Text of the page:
For example, scientists at Yale University in New Haven, Connecticut, used the HapMap to connect a gene to macular degeneration. That is a leading cause of blindness in older people.
You are listening to SCIENCE IN THE NEWS in VOA Special English, from Washington.
Palestinians in a prison in Israel have found the ruins of an ancient Christian place of worship. Some archaeologists say it could be the oldest church ever found in the homeland of Jesus. But other experts say it is unlikely the church is as old as suggested.
The prison is in Megiddo. Israeli officials had ordered a dig to search for ancient objects before a planned addition to the prison. The government often orders such digs before building in historically important areas. Megiddo is where the battle of Armageddon takes place in the Bible.
The Israeli Antiquities Authority began the dig months ago with about sixty prisoners for labor. On October thirtieth, one of them discovered the floor of the ancient building. Archeologist Yotam Tepper, the leader of the dig, called it "the find of a lifetime."
The floor is about six meters by nine meters. It is formed by two mosaics made from stones of different colors and shapes. One of the mosaics represents a traditional Christian symbol, a fish.
The mosaic also includes several messages. The Israeli Antiquities Authority says one appears to be from a Roman soldier. The message says he paid for the mosaic to seek honor. It also names the maker of the mosaic. Researchers say another message lists the names of four women as a remembrance.
Archeologists say they also found what may have served as a base for a structure from which to lead religious services. Nearby is a third message, believed to say: "The God-loving Aketous has offered this table to the God Jesus Christ, as a memorial."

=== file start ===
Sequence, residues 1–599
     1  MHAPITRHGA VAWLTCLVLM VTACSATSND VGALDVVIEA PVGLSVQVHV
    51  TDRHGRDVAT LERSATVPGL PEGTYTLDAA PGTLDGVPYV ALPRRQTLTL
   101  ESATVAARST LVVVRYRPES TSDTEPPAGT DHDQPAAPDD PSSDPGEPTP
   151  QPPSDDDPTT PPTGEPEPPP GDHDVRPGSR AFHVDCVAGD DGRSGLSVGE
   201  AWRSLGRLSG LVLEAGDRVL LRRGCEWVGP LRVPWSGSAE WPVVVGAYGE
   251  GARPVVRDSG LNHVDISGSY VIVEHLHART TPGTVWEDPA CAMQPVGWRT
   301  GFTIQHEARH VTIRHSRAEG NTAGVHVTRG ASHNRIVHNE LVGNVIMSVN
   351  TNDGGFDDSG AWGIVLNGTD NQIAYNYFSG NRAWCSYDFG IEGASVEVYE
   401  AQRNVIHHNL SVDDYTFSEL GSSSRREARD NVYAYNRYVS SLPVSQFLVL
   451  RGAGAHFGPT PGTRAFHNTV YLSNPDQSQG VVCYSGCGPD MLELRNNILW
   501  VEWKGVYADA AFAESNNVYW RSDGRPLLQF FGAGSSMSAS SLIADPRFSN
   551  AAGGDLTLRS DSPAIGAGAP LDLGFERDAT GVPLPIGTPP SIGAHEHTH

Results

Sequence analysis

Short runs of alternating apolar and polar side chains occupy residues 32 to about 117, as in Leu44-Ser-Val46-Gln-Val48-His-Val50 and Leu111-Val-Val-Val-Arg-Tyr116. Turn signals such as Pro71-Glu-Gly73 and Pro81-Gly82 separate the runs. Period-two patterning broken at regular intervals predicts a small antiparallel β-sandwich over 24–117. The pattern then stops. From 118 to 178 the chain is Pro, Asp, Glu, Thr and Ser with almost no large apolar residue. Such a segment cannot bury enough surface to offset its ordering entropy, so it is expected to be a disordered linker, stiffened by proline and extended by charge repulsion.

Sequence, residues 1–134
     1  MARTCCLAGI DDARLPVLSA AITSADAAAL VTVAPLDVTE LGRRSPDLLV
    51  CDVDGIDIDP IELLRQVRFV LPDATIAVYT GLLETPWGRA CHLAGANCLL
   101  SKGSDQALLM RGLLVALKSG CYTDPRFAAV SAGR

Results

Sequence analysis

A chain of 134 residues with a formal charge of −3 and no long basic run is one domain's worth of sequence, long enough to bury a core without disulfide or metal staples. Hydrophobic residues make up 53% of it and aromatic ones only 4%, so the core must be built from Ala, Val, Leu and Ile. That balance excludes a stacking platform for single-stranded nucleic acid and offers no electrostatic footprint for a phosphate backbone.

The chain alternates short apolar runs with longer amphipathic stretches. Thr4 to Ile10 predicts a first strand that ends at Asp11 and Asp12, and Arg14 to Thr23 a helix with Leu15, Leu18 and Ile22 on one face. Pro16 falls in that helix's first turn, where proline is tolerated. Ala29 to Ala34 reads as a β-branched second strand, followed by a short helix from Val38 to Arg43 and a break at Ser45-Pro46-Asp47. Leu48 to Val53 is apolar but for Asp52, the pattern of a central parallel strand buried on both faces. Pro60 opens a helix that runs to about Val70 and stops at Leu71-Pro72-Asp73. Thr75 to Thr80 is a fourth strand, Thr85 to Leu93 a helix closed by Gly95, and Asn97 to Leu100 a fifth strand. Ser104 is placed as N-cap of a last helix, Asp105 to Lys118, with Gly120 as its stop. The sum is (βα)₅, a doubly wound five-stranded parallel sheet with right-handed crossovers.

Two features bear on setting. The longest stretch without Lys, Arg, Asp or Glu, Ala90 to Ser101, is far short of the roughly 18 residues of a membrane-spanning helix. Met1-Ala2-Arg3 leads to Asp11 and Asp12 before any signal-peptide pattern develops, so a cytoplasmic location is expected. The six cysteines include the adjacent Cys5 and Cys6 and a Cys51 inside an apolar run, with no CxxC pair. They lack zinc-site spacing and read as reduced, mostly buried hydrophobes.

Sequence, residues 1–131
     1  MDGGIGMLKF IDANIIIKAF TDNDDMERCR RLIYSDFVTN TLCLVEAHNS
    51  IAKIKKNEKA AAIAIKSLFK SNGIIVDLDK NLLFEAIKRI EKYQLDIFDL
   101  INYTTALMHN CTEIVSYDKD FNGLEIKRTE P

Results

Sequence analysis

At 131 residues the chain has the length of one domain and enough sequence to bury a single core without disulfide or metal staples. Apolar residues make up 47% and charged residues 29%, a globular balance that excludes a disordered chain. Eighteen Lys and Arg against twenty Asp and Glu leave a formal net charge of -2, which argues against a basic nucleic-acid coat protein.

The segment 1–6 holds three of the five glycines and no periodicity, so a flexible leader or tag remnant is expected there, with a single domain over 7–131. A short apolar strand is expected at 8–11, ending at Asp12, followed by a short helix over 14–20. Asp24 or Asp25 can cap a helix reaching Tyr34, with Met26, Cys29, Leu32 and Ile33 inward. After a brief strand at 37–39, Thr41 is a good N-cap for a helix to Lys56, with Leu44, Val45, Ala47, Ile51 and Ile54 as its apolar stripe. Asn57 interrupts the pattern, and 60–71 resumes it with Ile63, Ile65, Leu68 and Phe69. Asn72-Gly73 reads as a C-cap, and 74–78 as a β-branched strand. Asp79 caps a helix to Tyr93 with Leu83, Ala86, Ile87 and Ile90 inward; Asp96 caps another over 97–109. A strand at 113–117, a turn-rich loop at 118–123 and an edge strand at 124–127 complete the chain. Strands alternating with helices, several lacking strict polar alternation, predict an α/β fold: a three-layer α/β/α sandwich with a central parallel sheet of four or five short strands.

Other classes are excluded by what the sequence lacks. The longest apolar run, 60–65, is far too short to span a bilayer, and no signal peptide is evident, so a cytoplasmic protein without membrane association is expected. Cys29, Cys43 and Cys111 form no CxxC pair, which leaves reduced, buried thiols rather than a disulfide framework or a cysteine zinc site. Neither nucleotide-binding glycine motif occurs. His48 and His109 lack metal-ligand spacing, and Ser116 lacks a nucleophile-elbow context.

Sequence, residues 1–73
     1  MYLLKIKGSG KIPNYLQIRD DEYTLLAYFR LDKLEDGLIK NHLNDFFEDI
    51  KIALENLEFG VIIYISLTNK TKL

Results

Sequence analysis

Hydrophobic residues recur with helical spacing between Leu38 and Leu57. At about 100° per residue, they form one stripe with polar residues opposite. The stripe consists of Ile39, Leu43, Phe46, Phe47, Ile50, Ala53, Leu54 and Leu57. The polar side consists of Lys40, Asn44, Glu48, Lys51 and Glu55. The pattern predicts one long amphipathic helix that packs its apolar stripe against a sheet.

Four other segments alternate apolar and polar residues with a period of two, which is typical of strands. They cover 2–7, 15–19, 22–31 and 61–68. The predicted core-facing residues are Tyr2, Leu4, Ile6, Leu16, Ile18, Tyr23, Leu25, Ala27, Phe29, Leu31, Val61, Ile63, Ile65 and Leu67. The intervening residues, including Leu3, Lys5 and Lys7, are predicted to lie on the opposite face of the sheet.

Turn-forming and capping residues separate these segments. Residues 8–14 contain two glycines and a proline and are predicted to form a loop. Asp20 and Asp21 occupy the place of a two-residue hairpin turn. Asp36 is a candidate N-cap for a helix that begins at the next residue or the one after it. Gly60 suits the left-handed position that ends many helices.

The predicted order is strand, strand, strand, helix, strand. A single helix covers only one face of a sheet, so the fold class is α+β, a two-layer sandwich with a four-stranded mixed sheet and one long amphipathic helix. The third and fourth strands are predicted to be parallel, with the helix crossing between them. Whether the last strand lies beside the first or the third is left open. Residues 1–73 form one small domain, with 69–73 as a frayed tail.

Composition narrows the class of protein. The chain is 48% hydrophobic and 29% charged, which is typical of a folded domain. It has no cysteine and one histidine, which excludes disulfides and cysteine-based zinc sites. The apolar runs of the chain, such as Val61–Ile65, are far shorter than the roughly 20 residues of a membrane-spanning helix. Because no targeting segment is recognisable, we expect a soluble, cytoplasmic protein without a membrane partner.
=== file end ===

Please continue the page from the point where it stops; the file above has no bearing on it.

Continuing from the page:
Pieces of cooking tools and containers for wine were also found on the floor of the structure. Mr. Tepper says the pottery dates to the third century. He says the kind of Greek writing used in the messages also represents that time period.
And Mr. Tepper says the design of the structure is simpler than those of churches that came after the third century.
Experts in the history of Christianity generally believe that churches did not exist until the fourth century. Christianity was banned until Emperor Constantine of Rome made the religion legal in the year three-thirteen. Experts argue that it was too dangerous before then for Christians to worship in public, so they did so in secret.
As a result, one expert questions if a Roman soldier in the third century would have taken the risk to place a message on a mosaic in a church. He says such a violation of law, if discovered, would have meant the end of the man's service. It might have meant the end of the soldier, too.
One theory is that the church may have been established later than the Roman building that housed it.
The mystery of the ancient church should be settled in time. Archeologists say only about ten percent of the area has been uncovered so far. Israeli officials now have to decide how to deal with a valuable archeological site on the grounds of a prison.
The government of Angola says the recent outbreak of Marburg fever there has ended. Health Minister Sebastao Veloso said last week that there have been no recorded cases of the disease since July.
The Marburg virus is spread through contact with bodily fluids. It can cause high body temperature, organ failure and severe bleeding. There is no cure.
The outbreak in Angola began last year in the northern province of Uige. The health minister says there were two hundred fifty-two cases. He says only twenty-five people, or ten percent, survived.
The World Health Organization had earlier estimates of more than three hundred deaths. Still, this was the worst outbreak recorded since laboratories first identified the Marburg virus in nineteen sixty-seven.
SCIENCE IN THE NEWS was written by Jerilyn Watson and Caty Weaver. Cynthia Kirk was our producer. I'm Bob Doughty.And I'm Pat Bodnar. Internet users can read and listen to our programs at voaspecialenglish.com. Join us next week for more news about science in Special English on the Voice of America.